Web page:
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Literary Nonfiction Inspired Writing

Page history last edited by Dawn Mitchell 14 years, 1 month ago

This page is designed to share the literary nonfiction pieces we have written in class as a result of our literary nonfiction unit of study.  Our course text, Units of Study is based on the underlying framework that what we write should be inspired by what we read. From immersing ourselves in a variety of well-written literary nonfiction text and spending time in close study noticing author's craft, we have each tried our hands at writing our own literary nonfiction pieces.  Please post yours here and specifically address "What have you read that is like what you are trying to write?"  In other words, let us know your mentor text(s) and any author's craft you were intentional about implementing.   *Please add your first and last name and the title and author of your text with your post. 


Kimberly Trott,   Non Fiction Writing

These were taken from material I use on Aesop in class and trying to create a modern non fiction version for the moral of the story. 

The Wolf and the Shepherds, by Aesop, the Moral:

Men are too apt to condemn in others the very things they practice themselves.


A WOLF, passing by, saw some Shepherds in a hut eating for their dinner a haunch of mutton. Approaching them, he said: What a clamor you would raise, if I were to do as you are doing!


Modern Version

A young MAN sitting at his dinner table hears the following: “son don’t drink, son don’t use tobacco, son don’t drive too fast, and son don’t talk on the cell phone when driving.”  The young man notices every day the following: a refrigerator full of milk, tea, and beer, his dad using tobacco, his mom and dad driving over the speed limit, and his parents using the cell phone when driving. 



The One-Eyed Doe, By Aesop, the Moral:

Danger sometimes comes from a source that is least suspected.


A DOE blind of an eye, was accustomed to graze as near to the edge of the sea as she possibly could, to secure greater safety. She turned her eye towards the land, that she might perceive the approach of a hunter or hound, and her injured eye towards the sea, from which she entertained no anticipation of danger.

Some boatmen, sailing by, saw her, and taking a successful aim, mortally wounded her. Said she: O wretched creature that I am, to take such precaution against the land, and, after all, to find this seashore, to which I had come for safety, so much more perilous.


Modern Version

A CHILD, was accustomed to church as the safest place to be, danger never lurking around the corner, a watchful eye need not be had. 


A kind gentle hand extended a visit to the child, a babysitter for the child of a  single mom; hush… a hideous crime has been committed but covered up so none will know.


The Ass, the Cock, and the Lion, by Aesop, the Moral:

False confidence often leads into danger.

AN ASS and a Cock were together, when a Lion, desperate from hunger, approached. He was about to spring upon the Ass, when the Cock (to the sound of whose voice the Lion, it is said, has a singular aversion) crowed loudly, and the Lion fled away. The Ass, observing his trepidation at the mere crowing of a Cock summoned courage to attack him, and galloped after him for that purpose. He had run no long distance when the Lion, turning about, seized him and tore him to pieces.


Modern Version

The young Boy along with his mother and sister walked peacefully through the old grove of massive Sequoia trees.  Enjoying the enchanting scenery, the boy had become slightly separated form his mother and sister.  As the boy shouted for his mother to turn around a mother bear and her two cubs formed a barrier between them.  The boy fled to await the return of his mother and sister.  Luckily, the mother bear allowed them to pass.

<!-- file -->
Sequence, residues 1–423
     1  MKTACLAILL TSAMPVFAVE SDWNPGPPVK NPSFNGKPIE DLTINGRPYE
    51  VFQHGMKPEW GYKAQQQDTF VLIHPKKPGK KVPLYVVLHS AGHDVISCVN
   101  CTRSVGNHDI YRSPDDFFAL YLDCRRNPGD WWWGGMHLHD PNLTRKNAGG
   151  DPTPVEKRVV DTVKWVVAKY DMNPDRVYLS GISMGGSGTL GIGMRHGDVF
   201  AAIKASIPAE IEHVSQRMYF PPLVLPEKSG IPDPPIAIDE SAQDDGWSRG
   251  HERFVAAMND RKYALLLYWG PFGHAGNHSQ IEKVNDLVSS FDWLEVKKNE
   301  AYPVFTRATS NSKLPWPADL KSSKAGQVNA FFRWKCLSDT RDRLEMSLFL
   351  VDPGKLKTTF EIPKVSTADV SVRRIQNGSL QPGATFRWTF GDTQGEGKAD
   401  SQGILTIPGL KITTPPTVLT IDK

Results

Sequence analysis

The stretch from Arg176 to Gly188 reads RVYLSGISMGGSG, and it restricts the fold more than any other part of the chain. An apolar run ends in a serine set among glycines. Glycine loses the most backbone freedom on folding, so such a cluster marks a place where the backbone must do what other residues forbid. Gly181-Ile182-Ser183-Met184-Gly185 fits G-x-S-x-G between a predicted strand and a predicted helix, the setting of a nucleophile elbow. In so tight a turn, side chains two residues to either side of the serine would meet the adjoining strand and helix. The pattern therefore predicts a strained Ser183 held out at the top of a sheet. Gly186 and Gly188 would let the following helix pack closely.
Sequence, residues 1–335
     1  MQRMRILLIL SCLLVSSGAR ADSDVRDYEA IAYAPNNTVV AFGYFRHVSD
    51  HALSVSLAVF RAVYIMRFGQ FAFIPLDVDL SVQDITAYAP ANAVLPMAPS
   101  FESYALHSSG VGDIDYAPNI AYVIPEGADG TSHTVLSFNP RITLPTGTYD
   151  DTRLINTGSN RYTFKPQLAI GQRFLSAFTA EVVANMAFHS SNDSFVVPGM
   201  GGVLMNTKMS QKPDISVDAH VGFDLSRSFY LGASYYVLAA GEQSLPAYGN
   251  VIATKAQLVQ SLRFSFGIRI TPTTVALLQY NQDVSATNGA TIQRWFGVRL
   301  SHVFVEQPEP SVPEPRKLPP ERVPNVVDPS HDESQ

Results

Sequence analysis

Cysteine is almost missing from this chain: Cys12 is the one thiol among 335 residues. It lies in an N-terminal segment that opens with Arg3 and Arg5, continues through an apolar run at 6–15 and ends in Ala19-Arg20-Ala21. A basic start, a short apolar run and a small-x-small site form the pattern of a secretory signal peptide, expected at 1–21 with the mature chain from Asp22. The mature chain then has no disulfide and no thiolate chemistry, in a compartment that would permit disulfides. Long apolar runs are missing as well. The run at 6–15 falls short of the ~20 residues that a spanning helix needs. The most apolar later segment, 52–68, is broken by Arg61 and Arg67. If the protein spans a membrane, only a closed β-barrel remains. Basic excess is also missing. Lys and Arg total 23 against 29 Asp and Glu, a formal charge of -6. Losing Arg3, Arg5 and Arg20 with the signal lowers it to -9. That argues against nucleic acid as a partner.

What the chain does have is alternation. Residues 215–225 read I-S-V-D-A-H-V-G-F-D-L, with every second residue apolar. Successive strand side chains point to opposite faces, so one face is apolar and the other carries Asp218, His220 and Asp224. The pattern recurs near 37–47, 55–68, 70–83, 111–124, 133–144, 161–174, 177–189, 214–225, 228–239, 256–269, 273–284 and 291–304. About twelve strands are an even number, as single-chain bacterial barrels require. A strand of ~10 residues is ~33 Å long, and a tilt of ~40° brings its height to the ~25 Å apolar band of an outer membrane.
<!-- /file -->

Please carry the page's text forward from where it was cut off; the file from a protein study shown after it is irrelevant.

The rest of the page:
The Tortoise and the Eagle, by Aesop, the Moral:

If men had all they wished, they would be often ruined.

A TORTOISE, lazily basking in the sun, complained to the sea-birds of her hard fate, that no one would teach her to fly. An Eagle, hovering near, heard her lamentation and demanded what reward she would give him, if he would take her aloft and float her in the air. I will give you, she said, all the riches of the Red Sea. I will teach you to fly then, said the Eagle; and taking her up in his talons he carried her almost to the clouds, - when suddenly letting her go, and she fell on a lofty mountain and dashed her shell to pieces. The Tortoise exclaimed in the moment of death: I have deserved my present fate; for what had I to do with wings and clouds, who can with difficulty move about on the earth?


Modern Version

The nice Couple dreamed of a big beautiful home.  Home prices had been doubling in less than a year.  What a return.  The government wanted to give homeownership to all nice couples.  No settling for less. 


Never mind the final price the monthly mortgage would escalate into.  Never mind that the nice couples didn’t make enough money.  Never mind the bad credit scores.  Never mind!  The nice couples were going to refinance or sell. 


It wasn’t the nice couples fault.  The nice couples were not alone in creating their demise. The loan originators gave the nice couples the mortgages they could not really afford who then sold their mortgages to the Wall Street brokers who then passed the risky loans on to the investors who purchased the worthless securities. 


No down payments, interest only loans, no loan documentation, low-interest rates, and not to mentions all of the home equity loans taken out against the inflated home prices that would never be repaid.  Repaid yes, but not by the borrower but by the tax payers of America. 


Now, the time to pay the piper had come due.  A financial crisis ensued.  A trail of destruction was wrought.  Banks and companies went out of business, unemployment rose, the stock market collapsed, and the credit market tightened all because the nice couples dreamed of a big beautiful home.